I could never understand why I've been a doormat all my life and an easy target for users, abusers and manipulators.

I'm older and the era I grew up in didn't discuss sexual abuse. My older brother repeatedly molested me when I was 8. I never told a soul until Feb. and that's 50 years after the fact. My brain pushed that abuse or hid it all of my life until something he said triggered those memories.

Because of what he did to me at such an early stage in my life, he messed up the normal thought processes of how a child copes and takes that into adulthood. That's the reason I've been a doormat all of my life. It's my goal to never be like that again and am working on speaking up for myself and not allow people to take advantage of me anymore.

I wish he'd have said something like that 30 years ago. It would have saved me a lot of emotional turmoil throughout my adult life. It explains why I've tolerated abusive behavior from people that refuse to see their own behavior as a sickness. That, in itself, is an unspoken epidemic in today's society.

Anyone with a severe mental disorder is screwed in today's society. The parents of kids with such disorders are trapped and then shamed when their kid looses it as a teenager or a young adult. Hospitals push these people out into the streets because of the insurance companies. The only choice a parent has after these kids are thrown out of the hospital is to have them arrested and thrown in jail for the safety of themselves, their family and society.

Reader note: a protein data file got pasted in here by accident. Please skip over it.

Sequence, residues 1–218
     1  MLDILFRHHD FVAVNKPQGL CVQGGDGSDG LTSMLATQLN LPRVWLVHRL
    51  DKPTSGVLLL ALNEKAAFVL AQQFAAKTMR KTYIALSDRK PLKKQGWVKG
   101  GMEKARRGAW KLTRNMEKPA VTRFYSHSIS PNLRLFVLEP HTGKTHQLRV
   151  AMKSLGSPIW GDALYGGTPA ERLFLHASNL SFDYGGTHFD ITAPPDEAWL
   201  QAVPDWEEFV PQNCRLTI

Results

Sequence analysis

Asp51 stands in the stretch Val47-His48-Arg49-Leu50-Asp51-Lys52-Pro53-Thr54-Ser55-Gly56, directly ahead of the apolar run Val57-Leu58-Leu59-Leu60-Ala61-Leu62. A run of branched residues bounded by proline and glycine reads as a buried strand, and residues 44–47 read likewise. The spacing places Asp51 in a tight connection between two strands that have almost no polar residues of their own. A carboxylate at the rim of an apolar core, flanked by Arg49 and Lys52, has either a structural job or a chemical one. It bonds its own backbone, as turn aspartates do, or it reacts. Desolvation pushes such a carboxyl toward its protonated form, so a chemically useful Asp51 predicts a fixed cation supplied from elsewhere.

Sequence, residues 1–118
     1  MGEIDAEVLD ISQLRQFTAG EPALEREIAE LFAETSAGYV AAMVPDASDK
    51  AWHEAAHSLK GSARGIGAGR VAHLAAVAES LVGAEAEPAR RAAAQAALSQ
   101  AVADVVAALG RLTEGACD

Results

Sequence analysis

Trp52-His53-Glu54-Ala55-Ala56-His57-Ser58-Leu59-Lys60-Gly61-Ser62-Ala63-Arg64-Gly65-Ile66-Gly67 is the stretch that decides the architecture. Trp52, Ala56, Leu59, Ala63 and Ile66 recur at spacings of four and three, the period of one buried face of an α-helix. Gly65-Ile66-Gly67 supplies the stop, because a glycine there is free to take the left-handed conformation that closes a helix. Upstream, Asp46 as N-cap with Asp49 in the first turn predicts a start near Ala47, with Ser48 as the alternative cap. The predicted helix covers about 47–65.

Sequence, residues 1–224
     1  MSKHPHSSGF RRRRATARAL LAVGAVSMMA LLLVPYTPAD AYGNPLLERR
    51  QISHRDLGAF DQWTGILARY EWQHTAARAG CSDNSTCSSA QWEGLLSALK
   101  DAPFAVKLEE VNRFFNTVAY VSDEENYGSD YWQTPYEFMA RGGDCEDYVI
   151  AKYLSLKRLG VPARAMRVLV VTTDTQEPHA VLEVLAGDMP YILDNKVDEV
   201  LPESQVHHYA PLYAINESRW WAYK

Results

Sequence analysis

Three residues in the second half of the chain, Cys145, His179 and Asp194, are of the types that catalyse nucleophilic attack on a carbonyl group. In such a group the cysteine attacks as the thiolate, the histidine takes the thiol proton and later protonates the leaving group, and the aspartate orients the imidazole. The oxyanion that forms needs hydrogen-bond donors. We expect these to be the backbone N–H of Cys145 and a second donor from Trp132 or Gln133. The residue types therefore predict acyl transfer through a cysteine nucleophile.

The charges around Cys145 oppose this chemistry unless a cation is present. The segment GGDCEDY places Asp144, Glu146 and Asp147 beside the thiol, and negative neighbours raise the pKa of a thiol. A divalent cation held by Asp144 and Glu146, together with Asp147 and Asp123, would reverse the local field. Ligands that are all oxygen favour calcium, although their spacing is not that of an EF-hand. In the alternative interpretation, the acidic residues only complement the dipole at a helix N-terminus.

We can't help our own citizens with problems, yet we help other countries and take in and financially support those that shouldn't be here.

People that look down their noses and judge someone with depression, in my experience, were narcissists, abusers and sociopaths that caused my depression and I'm sure millions of others.
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Old 08-23-2015, 05:48 PM
 
Location: Austin
13,576 posts, read 7,777,928 times
Reputation: 15283
Quote:
Originally Posted by nightbird47 View Post
We 'recognize' mental illness as real, and we talk about it, but underneath the feelings haven't changed that much from when people were locked up in hospitals as dangerous to society. Just look at the threads about why one should never date someone bipolar, with all the 'they's. We're all individuals. Casting out absolutes like 'never' and 'all' is the stamping diverse individuals with a stamp and pushing them out of the way. And if you're having problems, then who wants to end up with the stamp, seeing how society views it?

I'm sorry about your friend. Depression is as terrible a disease as cancer but we've been led to believe you can cure it with a pill. If you can't, then its just easier to pretend it doesn't exist. We don't want to spend the money to provide the services beyond that pill which are far more expensive. Its a lot worse for people who depend on state run clinics since often they see someone for ten minutes maybe four times a year and leave with the script they'd already written. So you have your pills and now you should be fine. If they don't work, then its up to you to deal with the system which is overloaded already.

Most people I know with a diagnosis tend to keep it to themselves since too many people look at them through a different lens after they know.
Telling someone about depression is a call for help. There are more of us who will listen and care than some depressed people realize.

A pill, or another, or another, or another is a thread of hope to correct the brain chemistry and have another life. Silence assures no hope and possibly death.